Friends of Padre Steve’s World
Just a sort note on this Columbus Day…
I was taken back to Iraq this weekend when the author of a book that will be published next year sent me next year sent me the excerpt of a section that he included on me. It was very well done, something that even Judy agreed. That being said it was so well done that I was immersed in thinking about my time in Iraq in 2007 and 2008, and my sleep was interrupted by dreams of those times. In fact it felt like I was back there, in a place that I knew so well…
I think that my thoughts and memories were also jogged by re-reading Michael Korda’s biography of T.E. Lawrence, (Hero: The Life and Legend of Lawrence of Arabia) and the current battles occurring in Iraq and Syria.
It seems that no matter how far I get from Iraq that a part of me will always be there, and I think that a fair amount of me will be in that land. If I was 20 or 30 years younger and not married I might even go back, because of how connected I still feel to Al Anbar Province and the tribes who live there.
My experience in Iraq was different than many, if not most Americans who have served there or in Afghanistan. I knew something of the history and culture of that land before I went there, and had a respect for the Arabs that most Americans do not have. I was greeted with hospitality, and had the opportunity to spend time with Sunni and Shia Moslem, as well as Christian Iraqi Arabs. I will never forget those times, meetings that occurred during missions where at times the troops that I was with took fire from insurgents.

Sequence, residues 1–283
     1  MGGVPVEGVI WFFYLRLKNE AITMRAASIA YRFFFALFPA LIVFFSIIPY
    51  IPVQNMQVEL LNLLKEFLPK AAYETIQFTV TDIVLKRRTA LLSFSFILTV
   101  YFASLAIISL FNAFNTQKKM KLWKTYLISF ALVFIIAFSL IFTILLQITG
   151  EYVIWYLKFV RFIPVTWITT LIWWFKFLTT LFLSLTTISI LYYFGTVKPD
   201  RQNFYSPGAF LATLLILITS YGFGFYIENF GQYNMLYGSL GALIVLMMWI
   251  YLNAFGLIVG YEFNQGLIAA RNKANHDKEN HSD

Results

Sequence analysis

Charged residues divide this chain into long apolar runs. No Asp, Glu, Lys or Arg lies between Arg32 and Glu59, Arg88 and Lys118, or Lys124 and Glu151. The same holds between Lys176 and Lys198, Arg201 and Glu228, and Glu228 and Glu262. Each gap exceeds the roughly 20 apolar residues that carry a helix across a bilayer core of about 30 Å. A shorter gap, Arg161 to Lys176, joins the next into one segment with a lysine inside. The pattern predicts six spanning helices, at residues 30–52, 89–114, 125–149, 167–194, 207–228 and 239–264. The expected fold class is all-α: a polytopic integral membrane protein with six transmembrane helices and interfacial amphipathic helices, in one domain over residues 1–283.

I left Iraq in 2008 with hopes, hopes fueled by my visits with Iraqis who believed that the country had reached a point where things would continue to get better. However, that was not to be, the corruption of the Shia led Iraqi government and its disenfranchisement of the Sunni and Kurdish minorities opened the door to the so-called Islamic State, something that is neither Islamic, nor a state.
I grieve for my Iraqi friends, and pray that those who I know have survived the chaos in the region. Like Lawrence, who left the Middle East disappointed and dejected by the outcome of the war and by the actions of governments, I have felt the same way about successive American administrations and those of the Iraqi government. That disappointment often leaves me bewildered and discouraged, and I sometimes feel like Lawrence when he penned this note to one of his friends in 1935:
“You wonder what I am doing? Well, so do I, in truth. Days seem to dawn, suns to shine, evenings to follow, and then I sleep. What I have done, what I am doing, what I am going to do, puzzle and bewilder me. Have you ever been a leaf and fallen from your tree in autumn and been really puzzled about it? That’s the feeling.”
Anyway, I do hope that somehow that things will get better, for my Arab friends as well as those of us who served there.
P.S. When the book that includes some of my story comes out I will let folks know.